10 Questions

‘M/V/X is not shocking or emotional. It is especially very Flemish’

Our editor watched the first episode of M/V/X: “The delivers of the most beautiful scuffling on that, in Flanders, is possible.’

‘You can, there is actually not more of bleaching. Ge are also not the first, huh. Allez, yes.’

Everyone in the diving club knows Peter. But the Speedo is now swimsuit: Peter goes from now on …

‘You can, there is actually not more of bleaching. Ge are also not the first, huh. Allez, yes.’

Everyone in the diving club knows Peter. But the Speedo is now swimsuit: Peter is now living as Paulien. There were chairs in a pool, there would be quite some back and forth, thick-set, because the members of the club know but difficult a posture to give. Not that someone has a bad word to speak: “people must know themselves what they want. Allez, yes. Ge know.

The yields of the most beautiful scuffling on in Flanders: a linguistic fumbling of allez yes, hey, how, goh and ‘never say nie never nie’. It will take a few times to happen in the first episode of the four-part documentary M/V/X, in which five Flemish transgender people are followed in their search for a life that better suits them. Namely: the bystanders stamelen. Everyone looks, everyone judges, but with a camera there is the uncomfortable silence.

“What people think, I don’t care’, will Paulien say. Also the four young transgender people Senne, Ariane, Selina and Dylano do their best to make that sentence more credible sound. But the grief, the trauma and uncertainty as a light blue filter over the images. The many close-ups of eyes are no accident: it is where their fear is most visible is when he is unspoken.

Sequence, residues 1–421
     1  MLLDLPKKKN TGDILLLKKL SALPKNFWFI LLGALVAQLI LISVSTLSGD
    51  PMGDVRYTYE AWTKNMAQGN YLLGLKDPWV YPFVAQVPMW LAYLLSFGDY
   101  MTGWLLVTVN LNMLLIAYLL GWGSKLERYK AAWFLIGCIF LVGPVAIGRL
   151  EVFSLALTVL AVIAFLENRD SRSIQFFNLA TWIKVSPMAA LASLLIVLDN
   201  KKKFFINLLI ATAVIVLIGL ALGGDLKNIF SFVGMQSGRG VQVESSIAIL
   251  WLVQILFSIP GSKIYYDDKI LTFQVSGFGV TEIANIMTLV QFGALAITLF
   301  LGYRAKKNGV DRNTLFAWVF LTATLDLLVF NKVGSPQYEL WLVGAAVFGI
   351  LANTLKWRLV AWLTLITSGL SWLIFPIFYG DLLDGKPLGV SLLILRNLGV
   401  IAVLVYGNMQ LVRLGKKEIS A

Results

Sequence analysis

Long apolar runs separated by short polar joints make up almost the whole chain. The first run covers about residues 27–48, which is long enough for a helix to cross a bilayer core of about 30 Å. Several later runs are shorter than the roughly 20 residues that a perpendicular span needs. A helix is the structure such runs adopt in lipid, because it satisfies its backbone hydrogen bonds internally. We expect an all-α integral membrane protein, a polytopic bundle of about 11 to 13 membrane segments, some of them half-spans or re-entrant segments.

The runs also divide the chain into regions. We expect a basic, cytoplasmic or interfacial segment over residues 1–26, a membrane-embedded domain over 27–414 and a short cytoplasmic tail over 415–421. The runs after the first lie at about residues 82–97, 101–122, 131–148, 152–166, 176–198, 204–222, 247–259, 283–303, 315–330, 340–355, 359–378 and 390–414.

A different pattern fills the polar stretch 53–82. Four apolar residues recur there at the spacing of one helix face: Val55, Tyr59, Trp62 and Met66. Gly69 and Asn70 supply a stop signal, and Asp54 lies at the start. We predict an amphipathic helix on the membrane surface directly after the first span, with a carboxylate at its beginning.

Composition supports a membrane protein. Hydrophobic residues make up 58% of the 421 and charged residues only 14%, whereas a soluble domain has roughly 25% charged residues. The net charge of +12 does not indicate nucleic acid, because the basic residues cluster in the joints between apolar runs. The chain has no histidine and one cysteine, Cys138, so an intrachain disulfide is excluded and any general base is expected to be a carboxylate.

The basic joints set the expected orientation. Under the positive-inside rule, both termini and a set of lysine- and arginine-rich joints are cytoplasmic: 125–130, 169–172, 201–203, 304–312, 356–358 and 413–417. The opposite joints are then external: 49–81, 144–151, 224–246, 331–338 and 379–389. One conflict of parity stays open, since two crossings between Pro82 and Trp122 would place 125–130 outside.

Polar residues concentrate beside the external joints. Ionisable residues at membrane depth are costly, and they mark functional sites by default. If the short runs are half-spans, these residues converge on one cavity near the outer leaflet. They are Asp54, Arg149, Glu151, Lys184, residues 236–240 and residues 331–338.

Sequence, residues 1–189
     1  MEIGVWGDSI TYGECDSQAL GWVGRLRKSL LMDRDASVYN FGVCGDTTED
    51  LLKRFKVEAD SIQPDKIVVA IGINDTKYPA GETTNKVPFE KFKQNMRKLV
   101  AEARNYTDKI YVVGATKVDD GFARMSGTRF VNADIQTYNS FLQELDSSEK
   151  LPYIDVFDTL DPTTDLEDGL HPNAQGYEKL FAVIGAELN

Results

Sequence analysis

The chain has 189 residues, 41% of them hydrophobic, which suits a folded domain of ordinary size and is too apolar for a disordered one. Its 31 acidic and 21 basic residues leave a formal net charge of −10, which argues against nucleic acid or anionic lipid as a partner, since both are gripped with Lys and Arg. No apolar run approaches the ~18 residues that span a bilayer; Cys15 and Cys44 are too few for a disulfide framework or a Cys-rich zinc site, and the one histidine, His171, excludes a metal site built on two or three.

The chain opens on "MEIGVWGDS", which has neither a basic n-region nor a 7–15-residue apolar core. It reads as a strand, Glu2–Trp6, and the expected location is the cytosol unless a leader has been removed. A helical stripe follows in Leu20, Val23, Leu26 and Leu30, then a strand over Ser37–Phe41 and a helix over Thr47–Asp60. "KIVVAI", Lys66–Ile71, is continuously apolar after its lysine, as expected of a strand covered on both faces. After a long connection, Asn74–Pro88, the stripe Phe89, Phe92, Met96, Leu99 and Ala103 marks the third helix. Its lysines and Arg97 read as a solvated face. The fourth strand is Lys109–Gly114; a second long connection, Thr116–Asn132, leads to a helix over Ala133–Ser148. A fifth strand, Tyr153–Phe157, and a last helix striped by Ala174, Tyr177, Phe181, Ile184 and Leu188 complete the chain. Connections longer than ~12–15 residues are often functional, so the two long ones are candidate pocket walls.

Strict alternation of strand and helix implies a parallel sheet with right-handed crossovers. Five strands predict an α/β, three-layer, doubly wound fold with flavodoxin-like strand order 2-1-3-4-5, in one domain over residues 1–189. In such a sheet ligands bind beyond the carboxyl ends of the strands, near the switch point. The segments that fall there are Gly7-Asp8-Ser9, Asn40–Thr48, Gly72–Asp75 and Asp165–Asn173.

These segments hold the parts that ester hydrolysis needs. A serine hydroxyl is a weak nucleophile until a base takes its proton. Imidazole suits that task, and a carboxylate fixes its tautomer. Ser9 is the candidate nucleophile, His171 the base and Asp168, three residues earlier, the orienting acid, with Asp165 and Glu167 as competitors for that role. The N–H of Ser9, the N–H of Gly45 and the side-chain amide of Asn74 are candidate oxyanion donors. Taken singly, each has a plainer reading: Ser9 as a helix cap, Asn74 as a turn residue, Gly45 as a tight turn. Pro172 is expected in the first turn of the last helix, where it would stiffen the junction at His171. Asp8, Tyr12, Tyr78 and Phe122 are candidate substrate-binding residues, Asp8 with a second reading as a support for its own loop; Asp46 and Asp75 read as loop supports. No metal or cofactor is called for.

Despite the explicit subject matter and the subtle intimacy is M/V/X not surprisingly. Transgender people, ‘you can there is actually not more of the bleaching’. It is also not shocking or emotional. It is sober, sometimes informative, such as the explanation in the UZ Ghent about hormones. But especially: it is very Flemish. Because everyone stammers and shuffles. Not only the members of the club, the aunts and the granny’s, the five main characters themselves. We all know that we are open-minded, but the sequel is, everyone still has to figure it out.

It was perhaps the most refreshing finding. That in times where we are supposed to be each other’s otherness, to accept the box are still not completely removed. “I wanted to be a barbie doll’, ‘skirts fascinated me, “”I played with cars,” say the transgenders. In times of genderneutraal toys and ‘stigmatizing clichés’, these five people hold on to in the box. With an identity that is still the solid ground is looking for, they know little certain except this: I played as a child with dolls so there is a girl in me. I played with cars, so there’s a boy in me. I’m not weird, what I did was the most honest expression of who I really am. The makers of M/V/X have that understood: the story is simple, the looks say it all.

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